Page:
[MUD-Dev] Geometric content generation

Ola Fosheim Grøstad <olag+flames@ifi.uio.no> Ola Fosheim Grøstad <olag+flames@ifi.uio.no>
Mon Sep 24 18:00:10 New Zealand Standard Time 2001

Lee Sheldon wrote:

> One of Chris' more lucid and comprehensible essays, and I'm going
> to

The meaning of words get redefined every day. An essay that manage
to mock science, philosophy and theology just to state that
grandfathers are able to adapt stories... Lucid???

(This is not to say I dislike the guy, you gotta like a guy that
sets out to write a book on HCI blatantly ignoring the whole body of
HCI research and happily stating so on the opening pages.)

> The fact is that story and interactivity/game play have co-existed
> in the same experience quite happily for centuries.  Yet now
> people have decided there must be some new magical paradigm.  It's
> a new medium.  All the rules have changed.  No.  Sorry.

Do you have any evidence of this?  Clearly a good storyteller (or
speaker) will adapt his story to the audience, but that is a far cry
from interactivity.  Likewise, kids don't need a compelling story to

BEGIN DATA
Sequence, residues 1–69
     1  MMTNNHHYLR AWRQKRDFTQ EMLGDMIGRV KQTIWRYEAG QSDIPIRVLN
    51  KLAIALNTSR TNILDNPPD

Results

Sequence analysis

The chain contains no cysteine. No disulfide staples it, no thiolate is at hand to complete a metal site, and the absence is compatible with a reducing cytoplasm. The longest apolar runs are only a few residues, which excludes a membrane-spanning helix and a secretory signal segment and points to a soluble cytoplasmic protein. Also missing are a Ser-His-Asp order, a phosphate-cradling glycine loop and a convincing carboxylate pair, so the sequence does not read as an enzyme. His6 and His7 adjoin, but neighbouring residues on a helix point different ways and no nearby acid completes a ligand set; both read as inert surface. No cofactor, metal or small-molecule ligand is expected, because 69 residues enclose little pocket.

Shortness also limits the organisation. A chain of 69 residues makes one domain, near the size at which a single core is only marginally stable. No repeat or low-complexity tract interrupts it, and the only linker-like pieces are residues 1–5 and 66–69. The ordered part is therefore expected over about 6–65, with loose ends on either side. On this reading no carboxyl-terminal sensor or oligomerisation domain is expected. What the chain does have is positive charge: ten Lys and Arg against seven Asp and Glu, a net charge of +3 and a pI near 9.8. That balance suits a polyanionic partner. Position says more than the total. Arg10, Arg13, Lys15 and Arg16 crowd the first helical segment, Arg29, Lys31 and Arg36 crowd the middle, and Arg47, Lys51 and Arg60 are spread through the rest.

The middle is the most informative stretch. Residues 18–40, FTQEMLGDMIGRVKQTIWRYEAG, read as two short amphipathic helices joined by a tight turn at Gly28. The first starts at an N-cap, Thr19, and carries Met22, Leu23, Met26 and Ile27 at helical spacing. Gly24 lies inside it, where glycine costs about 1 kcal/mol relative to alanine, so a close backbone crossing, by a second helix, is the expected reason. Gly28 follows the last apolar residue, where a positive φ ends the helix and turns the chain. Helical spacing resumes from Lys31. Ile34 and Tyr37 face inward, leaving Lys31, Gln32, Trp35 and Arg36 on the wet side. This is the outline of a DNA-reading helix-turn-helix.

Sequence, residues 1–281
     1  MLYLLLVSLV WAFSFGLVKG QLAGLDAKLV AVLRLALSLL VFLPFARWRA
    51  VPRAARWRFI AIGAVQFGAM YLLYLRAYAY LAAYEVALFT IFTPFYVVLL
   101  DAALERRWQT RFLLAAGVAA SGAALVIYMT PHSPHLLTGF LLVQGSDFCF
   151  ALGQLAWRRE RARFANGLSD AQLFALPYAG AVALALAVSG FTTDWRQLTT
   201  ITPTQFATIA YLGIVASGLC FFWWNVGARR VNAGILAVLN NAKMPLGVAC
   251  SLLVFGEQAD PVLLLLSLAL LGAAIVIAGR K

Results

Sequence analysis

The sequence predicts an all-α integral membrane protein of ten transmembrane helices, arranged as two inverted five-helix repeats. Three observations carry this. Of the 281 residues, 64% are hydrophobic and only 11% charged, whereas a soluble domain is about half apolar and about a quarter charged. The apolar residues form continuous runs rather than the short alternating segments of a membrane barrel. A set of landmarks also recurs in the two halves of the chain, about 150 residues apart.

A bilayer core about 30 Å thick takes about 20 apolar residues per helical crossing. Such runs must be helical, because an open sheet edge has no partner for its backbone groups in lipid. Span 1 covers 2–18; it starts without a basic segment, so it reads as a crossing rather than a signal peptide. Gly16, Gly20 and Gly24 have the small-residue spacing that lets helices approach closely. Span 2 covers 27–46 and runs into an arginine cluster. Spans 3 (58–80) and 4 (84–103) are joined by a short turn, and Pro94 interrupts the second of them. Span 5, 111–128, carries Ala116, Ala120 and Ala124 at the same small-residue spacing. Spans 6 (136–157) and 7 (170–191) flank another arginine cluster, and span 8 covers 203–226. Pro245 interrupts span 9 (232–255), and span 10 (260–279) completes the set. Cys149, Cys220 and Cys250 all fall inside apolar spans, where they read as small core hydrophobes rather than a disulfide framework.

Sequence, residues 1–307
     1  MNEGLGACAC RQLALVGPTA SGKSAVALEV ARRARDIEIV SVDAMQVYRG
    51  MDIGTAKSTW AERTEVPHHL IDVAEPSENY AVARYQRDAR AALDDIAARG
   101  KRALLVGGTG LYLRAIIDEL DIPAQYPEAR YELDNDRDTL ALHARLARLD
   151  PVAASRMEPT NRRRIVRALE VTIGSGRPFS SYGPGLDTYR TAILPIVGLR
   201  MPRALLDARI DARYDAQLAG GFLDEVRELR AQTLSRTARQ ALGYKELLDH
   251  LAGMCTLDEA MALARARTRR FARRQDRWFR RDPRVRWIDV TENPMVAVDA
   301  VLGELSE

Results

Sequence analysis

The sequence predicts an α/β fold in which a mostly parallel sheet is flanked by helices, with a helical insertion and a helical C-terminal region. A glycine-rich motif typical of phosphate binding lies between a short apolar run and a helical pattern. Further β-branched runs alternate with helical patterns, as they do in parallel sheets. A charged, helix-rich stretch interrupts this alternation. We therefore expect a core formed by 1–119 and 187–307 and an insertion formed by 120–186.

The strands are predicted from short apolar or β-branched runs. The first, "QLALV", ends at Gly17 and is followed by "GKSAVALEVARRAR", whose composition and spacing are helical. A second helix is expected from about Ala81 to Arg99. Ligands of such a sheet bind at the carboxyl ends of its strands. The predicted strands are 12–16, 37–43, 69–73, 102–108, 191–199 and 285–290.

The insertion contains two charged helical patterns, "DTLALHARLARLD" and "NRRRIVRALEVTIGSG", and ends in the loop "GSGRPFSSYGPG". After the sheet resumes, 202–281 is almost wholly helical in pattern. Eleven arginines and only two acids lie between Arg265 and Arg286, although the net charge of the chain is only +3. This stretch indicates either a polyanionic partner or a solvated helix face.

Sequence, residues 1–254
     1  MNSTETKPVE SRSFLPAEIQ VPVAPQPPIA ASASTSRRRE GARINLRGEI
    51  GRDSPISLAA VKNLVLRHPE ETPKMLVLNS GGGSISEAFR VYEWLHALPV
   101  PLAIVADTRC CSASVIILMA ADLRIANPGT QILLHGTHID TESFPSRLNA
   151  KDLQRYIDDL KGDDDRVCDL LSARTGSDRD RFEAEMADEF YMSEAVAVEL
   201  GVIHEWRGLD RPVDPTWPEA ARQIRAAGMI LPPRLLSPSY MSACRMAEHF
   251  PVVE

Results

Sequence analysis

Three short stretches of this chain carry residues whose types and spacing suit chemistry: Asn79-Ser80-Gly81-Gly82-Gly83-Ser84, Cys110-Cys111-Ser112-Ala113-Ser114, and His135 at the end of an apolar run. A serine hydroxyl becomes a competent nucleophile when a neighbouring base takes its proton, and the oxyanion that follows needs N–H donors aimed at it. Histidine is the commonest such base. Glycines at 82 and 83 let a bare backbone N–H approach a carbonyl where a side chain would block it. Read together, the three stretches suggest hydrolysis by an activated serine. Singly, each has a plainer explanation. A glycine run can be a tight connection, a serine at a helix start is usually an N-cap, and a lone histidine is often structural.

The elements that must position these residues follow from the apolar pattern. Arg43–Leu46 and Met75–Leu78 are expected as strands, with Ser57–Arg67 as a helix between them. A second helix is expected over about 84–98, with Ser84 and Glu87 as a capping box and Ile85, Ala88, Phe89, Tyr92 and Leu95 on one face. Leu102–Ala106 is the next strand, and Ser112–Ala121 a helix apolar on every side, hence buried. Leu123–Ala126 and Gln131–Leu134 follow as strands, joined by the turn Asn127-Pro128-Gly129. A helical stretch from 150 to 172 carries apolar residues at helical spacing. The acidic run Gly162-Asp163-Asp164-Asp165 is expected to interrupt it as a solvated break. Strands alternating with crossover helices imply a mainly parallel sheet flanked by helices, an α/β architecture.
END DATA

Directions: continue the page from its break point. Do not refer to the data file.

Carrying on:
experience one, they can create one themselves with just a few
hints.  They do it everyday in their play. And kids love lousy
stories told by their heroes (grandfathers included). Adults are
different, less flexible imagination, but a charismatic actor can
turn a disconnected series of events into a compelling art

So, what is the story and what is the surrounding context...? And
where is the interactivity?

> them, no wonder they are so readily swept under the rug.  It
> reminds me of my days at the California Institute of the Arts
> where some of the more misguided painters decided that you could
> tackle abstraction or surrealism without first learning to paint a
> pear that looks like a pear.  No.  Picasso could tell you that is
> wrong.  Salvador Dali would sadly pluck at his moustaches.  But
> the question

There are good graphic designers and visual artists that do not know
how to draw a pear.  They probably miss the satisfaction of
mastering the skill, but it doesn't prevent them from making art.
Great art is in the eye and mind, not in the hand.


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